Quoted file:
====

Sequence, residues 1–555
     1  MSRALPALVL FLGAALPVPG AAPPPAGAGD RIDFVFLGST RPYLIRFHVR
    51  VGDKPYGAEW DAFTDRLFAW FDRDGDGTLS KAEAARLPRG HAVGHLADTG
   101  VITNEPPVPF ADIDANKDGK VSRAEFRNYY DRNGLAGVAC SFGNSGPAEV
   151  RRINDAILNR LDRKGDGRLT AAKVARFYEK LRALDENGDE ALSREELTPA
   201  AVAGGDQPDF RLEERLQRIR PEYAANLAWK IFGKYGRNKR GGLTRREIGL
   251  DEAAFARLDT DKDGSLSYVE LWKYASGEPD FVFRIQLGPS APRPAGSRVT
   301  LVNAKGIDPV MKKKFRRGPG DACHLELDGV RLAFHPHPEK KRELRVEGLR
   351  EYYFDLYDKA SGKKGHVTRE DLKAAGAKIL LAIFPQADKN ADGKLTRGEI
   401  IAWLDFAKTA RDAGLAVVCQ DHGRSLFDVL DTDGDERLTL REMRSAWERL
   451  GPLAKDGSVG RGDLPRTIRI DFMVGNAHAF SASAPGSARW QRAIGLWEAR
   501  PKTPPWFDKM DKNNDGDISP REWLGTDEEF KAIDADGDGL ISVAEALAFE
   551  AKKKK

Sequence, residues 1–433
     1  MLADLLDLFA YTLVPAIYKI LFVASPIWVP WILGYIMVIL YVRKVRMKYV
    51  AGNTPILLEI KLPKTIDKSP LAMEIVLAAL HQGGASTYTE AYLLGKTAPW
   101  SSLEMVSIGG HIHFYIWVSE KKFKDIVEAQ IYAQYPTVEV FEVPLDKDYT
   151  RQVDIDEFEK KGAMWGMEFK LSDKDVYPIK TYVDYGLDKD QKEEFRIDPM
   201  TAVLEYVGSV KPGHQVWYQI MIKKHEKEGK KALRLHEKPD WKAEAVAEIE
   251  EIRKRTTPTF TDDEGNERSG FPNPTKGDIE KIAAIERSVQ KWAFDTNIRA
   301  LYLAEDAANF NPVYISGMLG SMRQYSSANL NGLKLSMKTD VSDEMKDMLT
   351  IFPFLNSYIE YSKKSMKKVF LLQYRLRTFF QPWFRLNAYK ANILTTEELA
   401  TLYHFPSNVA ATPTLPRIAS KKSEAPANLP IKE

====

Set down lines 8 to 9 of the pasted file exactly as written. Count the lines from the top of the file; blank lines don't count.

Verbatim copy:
   301  LVNAKGIDPV MKKKFRRGPG DACHLELDGV RLAFHPHPEK KRELRVEGLR
   351  EYYFDLYDKA SGKKGHVTRE DLKAAGAKIL LAIFPQADKN ADGKLTRGEI